Public sector officers responsible for implementing contracts and service-level agreements between charities and government are often confused about how the agreements work, delegates at the Institute of Fundraising Scotland annual conference have been told.
In a speech during the conference in Glasgow yesterday, consultant John Bonnar said it was little surprise that charities were often puzzled about the difference between a contract and an SLA, and about how they worked, because there was a lack of clarity from those who had put them in place.
Bonnar said that contracts and SLAs would become a more important source of income for charities than their other fundraising activities.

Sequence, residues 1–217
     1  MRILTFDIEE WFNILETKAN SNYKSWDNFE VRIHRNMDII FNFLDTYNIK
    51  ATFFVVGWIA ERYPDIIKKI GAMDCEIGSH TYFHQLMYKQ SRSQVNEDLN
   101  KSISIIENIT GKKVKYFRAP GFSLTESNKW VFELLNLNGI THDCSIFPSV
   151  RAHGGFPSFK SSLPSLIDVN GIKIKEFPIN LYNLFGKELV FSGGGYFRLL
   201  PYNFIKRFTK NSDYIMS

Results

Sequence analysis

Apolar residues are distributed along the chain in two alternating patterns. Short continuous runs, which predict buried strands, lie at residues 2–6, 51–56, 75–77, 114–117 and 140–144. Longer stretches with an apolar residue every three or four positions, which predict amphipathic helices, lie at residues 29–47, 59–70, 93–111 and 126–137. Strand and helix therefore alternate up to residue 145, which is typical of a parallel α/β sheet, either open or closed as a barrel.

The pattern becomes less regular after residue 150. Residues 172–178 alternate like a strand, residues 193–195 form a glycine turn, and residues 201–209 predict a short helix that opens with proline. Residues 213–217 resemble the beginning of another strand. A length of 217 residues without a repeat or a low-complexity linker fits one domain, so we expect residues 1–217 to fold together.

He said charities should take the lead in determining the nature of the agreements.
"If the Government isn't doing something it has pledged to do and your charity can carry that function out, you should approach the Government and offer to help meet its goals," he said.
Charities had become disempowered by the system of contracts and SLAs because they had failed to grasp the concept of it when it was first put in place, Bonnar said.
He also warned that pressure on costs meant fewer, larger contracts and SLAs would be set up to deliver public services, so charities would have to work together to fulfil the agreement.